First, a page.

Early Briefing

Here's some of the local business stories that appeared in Thursday's paper:

*There's a crackdown on vans that food is sold from, called vendadores by their Latino customers, in Prince George's County. Some owners are trying to differentiate from older vendors who try to abide by rules and newer ones that don't. See story

*Like other government contractors, General Dynamics posted a jump in profit, helped by continued spending in Iraq and Afghanistan. Its profit rose 24 percent and revenue 12.6 percent. See story.

* A project in the District's Takoma area has the support of lots of D.C. leaders but is opposed by Maryland leaders and Takoma Park residents. At issue is what is transit-oriented growth. See story

* Sallie Mae and an investor group led by J.C. Flowers & Co. agreed to language enabling the student-loan provider to operate without the investor's oversight while they litigate a collapsed $25.3 billion buyout.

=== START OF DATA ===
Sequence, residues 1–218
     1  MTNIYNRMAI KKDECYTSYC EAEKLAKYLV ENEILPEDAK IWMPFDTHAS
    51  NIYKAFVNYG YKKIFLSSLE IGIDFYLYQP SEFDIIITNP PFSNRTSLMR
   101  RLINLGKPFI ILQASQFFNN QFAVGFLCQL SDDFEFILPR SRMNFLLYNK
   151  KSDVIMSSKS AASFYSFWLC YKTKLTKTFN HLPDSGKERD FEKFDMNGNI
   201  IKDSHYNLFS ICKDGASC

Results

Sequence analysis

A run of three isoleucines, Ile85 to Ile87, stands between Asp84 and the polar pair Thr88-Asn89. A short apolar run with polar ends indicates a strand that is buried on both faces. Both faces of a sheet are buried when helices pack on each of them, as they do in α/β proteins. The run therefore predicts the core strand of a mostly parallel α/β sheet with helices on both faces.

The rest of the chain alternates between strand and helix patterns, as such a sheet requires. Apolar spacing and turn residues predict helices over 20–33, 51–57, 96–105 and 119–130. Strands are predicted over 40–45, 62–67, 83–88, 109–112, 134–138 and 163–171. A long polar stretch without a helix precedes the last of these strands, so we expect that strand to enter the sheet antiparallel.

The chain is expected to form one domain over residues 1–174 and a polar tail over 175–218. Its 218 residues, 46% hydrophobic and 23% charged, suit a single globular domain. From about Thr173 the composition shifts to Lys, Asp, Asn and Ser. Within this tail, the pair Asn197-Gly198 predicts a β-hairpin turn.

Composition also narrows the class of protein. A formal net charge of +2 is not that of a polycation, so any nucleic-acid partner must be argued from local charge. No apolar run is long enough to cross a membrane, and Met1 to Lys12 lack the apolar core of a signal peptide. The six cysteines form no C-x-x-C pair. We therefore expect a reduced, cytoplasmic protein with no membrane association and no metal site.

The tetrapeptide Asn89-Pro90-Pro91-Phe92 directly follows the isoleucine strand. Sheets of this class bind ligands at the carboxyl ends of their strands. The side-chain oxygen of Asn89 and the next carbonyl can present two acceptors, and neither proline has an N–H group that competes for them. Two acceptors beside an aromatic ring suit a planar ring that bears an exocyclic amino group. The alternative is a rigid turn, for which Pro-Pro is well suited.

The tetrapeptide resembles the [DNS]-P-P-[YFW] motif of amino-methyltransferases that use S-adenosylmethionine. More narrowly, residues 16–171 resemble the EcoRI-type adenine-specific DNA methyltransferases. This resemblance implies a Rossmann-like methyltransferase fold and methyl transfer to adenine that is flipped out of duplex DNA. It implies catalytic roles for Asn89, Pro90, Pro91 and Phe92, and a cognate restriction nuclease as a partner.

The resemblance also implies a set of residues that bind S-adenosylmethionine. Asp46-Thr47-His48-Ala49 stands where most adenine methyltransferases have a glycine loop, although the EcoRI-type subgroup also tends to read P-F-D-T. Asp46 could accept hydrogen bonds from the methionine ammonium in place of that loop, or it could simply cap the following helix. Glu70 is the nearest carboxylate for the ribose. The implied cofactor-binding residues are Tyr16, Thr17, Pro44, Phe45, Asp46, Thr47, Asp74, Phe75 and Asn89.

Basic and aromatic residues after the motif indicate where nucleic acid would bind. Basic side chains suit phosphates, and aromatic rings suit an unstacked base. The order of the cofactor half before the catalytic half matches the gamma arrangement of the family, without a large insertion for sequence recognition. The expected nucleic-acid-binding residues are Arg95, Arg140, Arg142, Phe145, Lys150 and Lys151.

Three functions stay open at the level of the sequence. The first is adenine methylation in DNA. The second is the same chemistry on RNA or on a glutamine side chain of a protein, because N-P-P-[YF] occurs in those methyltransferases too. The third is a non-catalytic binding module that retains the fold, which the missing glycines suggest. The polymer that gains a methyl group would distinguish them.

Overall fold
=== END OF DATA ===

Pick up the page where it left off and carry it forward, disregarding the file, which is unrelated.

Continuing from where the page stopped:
* The Centers for Disease Control and Prevention's Advisory Committee on Immunization Practices voted to widen its recommendation for AstraZeneca's FluMist, the nasal spray influenza vaccine, to children 2 to 4 years old. MedImmune, the Gaithersburg developer of FluMist, was acquired by Britain's AstraZeneca in June.

* Sidney Harman said he will drop the title of executive chairman of Harman International Industries as of the District company's annual meeting Dec. 17. He will remain board chairman.

* Baltimore-based Legg Mason's stock mutual funds are trailing more than two-thirds of their competitors, dragged down by below-average returns from managers including Bill Miller and Richard Freeman, according to data tracked by Bloomberg.

By Terri Rupar  |  October 25, 2007; 5:00 AM ET  | Category:  Morning Brief
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